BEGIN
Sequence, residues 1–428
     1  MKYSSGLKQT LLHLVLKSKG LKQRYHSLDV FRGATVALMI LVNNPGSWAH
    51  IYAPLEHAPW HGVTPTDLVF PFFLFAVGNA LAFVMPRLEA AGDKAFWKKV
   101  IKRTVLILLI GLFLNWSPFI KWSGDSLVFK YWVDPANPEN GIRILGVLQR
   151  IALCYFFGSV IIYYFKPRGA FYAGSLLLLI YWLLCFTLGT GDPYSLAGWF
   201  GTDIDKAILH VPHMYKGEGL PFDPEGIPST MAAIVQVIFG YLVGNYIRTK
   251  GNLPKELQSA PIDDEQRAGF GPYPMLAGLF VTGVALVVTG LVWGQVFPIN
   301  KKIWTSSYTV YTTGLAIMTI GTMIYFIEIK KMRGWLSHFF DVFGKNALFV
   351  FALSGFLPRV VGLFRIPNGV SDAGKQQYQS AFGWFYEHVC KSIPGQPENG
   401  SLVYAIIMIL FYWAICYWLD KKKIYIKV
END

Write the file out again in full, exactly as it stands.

Sequence, residues 1–428
     1  MKYSSGLKQT LLHLVLKSKG LKQRYHSLDV FRGATVALMI LVNNPGSWAH
    51  IYAPLEHAPW HGVTPTDLVF PFFLFAVGNA LAFVMPRLEA AGDKAFWKKV
   101  IKRTVLILLI GLFLNWSPFI KWSGDSLVFK YWVDPANPEN GIRILGVLQR
   151  IALCYFFGSV IIYYFKPRGA FYAGSLLLLI YWLLCFTLGT GDPYSLAGWF
   201  GTDIDKAILH VPHMYKGEGL PFDPEGIPST MAAIVQVIFG YLVGNYIRTK
   251  GNLPKELQSA PIDDEQRAGF GPYPMLAGLF VTGVALVVTG LVWGQVFPIN
   301  KKIWTSSYTV YTTGLAIMTI GTMIYFIEIK KMRGWLSHFF DVFGKNALFV
   351  FALSGFLPRV VGLFRIPNGV SDAGKQQYQS AFGWFYEHVC KSIPGQPENG
   401  SLVYAIIMIL FYWAICYWLD KKKIYIKV